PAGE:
Jnana Yoga is the method of union of Atman and Brahman through the practice of harnessing wisdom. Knowledge is the essence of human existence. True wisdom can lead to enlightenment. This is Jnana. Perfection is the ultimate truth of wisdom.
What is Jnana Yoga?
Jnana Yoga is a path of Union of soul and supreme soul in Hinduism. It is one of the paths mentioned in Bhagavat Gita along with Bhakti Yoga and Karma Yoga. Buddhi or the Brain is the ultimate indicator for Jnana. So it is for the seekers who can grasp the real concepts of the knowledge.
Why does Buddhi matters in Jnana Yoga?
Jnana Yoga is the purest form of Yoga. There is a strong relation between Samkhya Yoga and Jnana Yoga. For example, Samkhya has 24 classical elements in which Buddhi is one. Above Buddhi lies Ahamkara and above which is Purusha or the pure consciousness. This is an epithet of Atman. Basically, when you reach the level of Buddhi, you get a greater challenge of Ahamkara or the ego. Beyond Ahamkara is Purusha which makes you understand the Atman. This gives one condition for Jnana Yoga i.e. purity which is only possible through non-dualism.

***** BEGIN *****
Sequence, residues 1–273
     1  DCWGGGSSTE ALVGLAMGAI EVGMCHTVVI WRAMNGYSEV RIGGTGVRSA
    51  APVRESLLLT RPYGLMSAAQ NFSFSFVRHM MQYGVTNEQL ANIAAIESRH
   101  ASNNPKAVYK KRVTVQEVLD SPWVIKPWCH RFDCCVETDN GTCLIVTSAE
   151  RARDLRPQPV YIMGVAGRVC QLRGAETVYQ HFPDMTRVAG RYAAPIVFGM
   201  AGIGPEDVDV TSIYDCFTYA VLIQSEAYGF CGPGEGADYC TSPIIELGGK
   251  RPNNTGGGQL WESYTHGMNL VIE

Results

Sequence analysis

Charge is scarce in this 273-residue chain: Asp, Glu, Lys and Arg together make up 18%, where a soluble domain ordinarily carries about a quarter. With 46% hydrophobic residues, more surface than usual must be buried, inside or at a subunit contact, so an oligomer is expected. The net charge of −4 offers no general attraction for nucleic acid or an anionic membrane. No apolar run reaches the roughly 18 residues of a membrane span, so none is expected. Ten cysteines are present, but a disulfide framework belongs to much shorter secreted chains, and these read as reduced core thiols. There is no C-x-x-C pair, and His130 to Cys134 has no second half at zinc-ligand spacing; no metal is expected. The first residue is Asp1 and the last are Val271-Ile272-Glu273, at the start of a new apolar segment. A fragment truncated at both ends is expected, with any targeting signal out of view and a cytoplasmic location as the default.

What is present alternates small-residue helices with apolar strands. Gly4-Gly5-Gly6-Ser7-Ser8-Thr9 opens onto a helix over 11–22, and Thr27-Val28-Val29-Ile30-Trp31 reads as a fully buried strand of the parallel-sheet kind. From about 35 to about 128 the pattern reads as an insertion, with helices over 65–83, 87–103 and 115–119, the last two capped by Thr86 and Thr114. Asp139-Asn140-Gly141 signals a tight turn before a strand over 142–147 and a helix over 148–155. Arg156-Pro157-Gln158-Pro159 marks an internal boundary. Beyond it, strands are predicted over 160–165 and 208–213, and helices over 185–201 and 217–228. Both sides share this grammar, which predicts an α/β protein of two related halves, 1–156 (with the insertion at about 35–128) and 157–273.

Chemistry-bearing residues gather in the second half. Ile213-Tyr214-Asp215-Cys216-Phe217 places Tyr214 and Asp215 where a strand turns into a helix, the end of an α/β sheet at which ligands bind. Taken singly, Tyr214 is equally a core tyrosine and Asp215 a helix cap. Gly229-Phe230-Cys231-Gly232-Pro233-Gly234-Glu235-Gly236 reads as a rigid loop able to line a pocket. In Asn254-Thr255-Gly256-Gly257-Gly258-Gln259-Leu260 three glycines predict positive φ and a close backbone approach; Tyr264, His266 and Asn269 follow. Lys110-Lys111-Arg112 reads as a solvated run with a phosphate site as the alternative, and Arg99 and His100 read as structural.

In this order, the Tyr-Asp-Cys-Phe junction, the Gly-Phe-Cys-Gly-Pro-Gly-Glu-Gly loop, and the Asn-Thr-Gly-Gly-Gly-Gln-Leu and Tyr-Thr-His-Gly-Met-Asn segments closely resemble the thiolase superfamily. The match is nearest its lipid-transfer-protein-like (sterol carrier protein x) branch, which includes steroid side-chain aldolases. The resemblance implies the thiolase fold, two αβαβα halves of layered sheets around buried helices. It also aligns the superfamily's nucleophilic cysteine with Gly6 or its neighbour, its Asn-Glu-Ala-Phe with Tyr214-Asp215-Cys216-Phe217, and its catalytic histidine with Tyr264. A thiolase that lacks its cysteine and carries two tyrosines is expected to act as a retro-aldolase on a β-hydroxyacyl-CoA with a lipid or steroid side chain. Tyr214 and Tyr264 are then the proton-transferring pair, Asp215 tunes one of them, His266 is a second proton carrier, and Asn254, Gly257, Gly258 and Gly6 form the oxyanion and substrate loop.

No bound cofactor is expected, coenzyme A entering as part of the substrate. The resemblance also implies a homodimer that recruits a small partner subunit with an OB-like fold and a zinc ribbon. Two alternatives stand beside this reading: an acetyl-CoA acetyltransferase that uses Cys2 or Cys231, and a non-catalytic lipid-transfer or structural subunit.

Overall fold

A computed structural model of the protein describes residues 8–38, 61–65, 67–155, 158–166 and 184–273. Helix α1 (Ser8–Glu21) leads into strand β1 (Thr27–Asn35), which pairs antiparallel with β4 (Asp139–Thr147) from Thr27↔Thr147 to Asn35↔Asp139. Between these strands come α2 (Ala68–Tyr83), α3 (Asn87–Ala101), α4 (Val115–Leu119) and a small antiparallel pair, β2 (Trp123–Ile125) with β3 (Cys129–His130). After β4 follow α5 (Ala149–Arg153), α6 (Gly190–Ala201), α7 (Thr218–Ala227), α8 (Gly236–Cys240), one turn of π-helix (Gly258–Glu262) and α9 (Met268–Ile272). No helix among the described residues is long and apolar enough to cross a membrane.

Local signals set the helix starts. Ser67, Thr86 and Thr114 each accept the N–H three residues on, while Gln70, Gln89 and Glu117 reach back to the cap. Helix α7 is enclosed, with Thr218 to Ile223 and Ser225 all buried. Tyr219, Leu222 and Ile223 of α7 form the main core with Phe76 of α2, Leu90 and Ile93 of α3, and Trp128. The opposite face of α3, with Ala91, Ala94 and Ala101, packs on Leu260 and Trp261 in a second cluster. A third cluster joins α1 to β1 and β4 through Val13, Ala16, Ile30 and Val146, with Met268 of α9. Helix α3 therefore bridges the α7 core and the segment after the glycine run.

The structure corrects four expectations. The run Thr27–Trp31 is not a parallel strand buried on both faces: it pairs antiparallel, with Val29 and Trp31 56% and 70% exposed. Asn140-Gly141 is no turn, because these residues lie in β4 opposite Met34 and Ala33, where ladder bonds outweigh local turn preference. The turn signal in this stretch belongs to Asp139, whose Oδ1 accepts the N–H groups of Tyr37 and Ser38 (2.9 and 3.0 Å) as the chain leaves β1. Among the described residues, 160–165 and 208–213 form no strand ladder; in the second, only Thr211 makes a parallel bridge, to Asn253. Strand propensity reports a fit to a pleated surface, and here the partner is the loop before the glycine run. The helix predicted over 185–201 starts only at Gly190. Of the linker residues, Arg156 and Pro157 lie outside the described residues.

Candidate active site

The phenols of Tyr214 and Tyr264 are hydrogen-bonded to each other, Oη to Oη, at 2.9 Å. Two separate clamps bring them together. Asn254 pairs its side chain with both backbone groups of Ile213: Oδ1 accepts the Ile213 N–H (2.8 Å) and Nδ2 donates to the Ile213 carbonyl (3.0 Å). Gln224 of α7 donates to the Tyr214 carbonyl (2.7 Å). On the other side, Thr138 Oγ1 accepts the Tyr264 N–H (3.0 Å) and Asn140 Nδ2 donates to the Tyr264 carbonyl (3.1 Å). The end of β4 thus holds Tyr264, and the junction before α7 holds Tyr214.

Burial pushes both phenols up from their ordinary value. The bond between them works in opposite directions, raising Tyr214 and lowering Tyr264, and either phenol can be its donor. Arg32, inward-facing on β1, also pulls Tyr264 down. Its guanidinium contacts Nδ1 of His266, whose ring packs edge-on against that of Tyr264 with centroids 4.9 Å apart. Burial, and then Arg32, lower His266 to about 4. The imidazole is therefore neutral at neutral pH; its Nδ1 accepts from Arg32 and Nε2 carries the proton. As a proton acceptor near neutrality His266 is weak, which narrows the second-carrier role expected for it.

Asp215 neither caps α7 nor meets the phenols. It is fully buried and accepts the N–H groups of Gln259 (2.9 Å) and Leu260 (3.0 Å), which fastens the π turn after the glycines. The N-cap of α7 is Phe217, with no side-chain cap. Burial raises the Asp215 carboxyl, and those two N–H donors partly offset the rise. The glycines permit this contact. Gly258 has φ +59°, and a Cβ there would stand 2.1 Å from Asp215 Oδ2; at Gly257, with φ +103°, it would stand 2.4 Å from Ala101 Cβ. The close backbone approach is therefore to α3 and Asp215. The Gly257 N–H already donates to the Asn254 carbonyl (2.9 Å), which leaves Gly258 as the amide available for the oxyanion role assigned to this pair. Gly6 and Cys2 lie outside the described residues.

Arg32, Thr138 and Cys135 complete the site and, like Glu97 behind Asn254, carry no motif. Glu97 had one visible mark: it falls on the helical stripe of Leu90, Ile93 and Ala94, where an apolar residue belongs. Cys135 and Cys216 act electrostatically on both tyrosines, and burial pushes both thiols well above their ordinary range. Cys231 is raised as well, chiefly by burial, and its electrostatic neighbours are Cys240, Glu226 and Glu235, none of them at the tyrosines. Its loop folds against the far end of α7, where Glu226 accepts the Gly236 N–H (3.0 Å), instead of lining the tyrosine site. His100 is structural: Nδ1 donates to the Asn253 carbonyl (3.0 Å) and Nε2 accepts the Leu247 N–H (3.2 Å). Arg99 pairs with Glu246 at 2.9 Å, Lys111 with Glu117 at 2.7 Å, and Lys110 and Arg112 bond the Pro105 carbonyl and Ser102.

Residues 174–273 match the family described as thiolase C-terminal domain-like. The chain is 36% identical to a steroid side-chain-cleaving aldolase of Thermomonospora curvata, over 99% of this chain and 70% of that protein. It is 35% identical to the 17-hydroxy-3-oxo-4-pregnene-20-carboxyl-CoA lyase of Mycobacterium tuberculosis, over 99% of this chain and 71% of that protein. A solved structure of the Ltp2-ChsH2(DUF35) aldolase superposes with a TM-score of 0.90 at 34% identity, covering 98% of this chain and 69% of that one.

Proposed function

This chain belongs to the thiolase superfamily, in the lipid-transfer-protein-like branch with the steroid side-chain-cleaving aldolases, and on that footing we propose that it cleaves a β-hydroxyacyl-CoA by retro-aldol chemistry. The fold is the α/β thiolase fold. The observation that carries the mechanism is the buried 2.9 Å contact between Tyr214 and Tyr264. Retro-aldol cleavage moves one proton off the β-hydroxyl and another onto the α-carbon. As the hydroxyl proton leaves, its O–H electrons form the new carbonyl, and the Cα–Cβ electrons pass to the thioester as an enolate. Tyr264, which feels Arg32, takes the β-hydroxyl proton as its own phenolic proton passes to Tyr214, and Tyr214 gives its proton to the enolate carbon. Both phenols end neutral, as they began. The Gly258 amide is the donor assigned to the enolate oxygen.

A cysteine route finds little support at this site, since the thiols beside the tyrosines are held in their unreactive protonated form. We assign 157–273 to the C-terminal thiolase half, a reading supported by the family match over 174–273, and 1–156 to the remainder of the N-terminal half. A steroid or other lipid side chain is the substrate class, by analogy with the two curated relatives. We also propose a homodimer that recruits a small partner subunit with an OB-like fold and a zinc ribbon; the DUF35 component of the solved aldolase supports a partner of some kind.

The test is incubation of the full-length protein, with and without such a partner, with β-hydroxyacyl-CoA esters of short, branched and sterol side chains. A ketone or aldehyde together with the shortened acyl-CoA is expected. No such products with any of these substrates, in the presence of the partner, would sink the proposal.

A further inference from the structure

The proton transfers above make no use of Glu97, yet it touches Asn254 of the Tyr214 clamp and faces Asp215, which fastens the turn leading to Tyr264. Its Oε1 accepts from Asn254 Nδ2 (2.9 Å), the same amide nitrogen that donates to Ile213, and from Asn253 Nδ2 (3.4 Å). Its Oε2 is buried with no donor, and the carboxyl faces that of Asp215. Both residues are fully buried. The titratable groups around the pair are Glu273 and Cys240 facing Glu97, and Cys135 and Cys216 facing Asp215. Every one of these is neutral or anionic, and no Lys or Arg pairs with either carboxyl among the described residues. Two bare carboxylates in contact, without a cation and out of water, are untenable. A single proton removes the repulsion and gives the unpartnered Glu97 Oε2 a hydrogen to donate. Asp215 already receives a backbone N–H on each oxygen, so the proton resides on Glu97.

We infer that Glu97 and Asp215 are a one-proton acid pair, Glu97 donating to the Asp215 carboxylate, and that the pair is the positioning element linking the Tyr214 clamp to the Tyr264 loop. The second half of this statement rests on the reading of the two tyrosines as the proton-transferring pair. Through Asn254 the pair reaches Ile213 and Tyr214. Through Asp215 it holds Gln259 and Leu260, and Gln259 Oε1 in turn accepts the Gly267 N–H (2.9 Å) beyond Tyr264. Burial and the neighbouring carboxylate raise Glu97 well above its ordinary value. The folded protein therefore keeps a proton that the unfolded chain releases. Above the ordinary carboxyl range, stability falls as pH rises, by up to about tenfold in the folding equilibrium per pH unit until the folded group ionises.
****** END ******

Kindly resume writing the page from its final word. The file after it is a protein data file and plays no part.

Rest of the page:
Importance of Advaita.
Nondualism is the idea that is completely applicable to the modern sciences. When you see the symmetries around from your two hands to two parts of the body you understand that there is unity in these two. You can see symmetries in Quantum Physics to Classical Mechanics to Biology. Philosophically there is also a union between mind and body in everything. It is a very complex idea that needs constant contemplation. Advaita cannot be explored in one article. Here are the few books to refer to to start the journey of Jnana Yoga.
Books on Jnana Yoga.
- 108 Upanishads.
- Bhagavat Gita
- Yoga Sutras of Patanjali.
- Yoga Vashista
- Jnana Yoga by Swami Vivekananda
How to practice Jnana Yoga?
Brihadaranyaka Upanishad explains in detail about practicing this Yoga. There are three basic steps to start the journey.
- Sravana: In ancient times Upanishads were recited by a teacher to a student. Sravana meant to listen to the Upanishads. However, in recent times there are no much teachers who can say Upanishads in one go. It is better to read them and later on listen to the shlokas.
- Manana: To contemplate on the teachings and interpretation of knowledge for wisdom.
- Nididhyāsana: It is the process of practicing what you have interpreted. For example the practice of Niyama from the Yoga sutras or for advanced practitioner Samyama (Dharana, Dhyana, Samadhi).
Are there any prerequisites?
Unlike Bhakti Yoga and Karma Yoga there are many prerequisites of Jnana Yoga. One should look for a Guru who is very well versed in Upanishads. There has to be a deep interest in learning and the brain has to be developed well through training, this is Viveka.
You might also be interested in our guides on the following Yoga.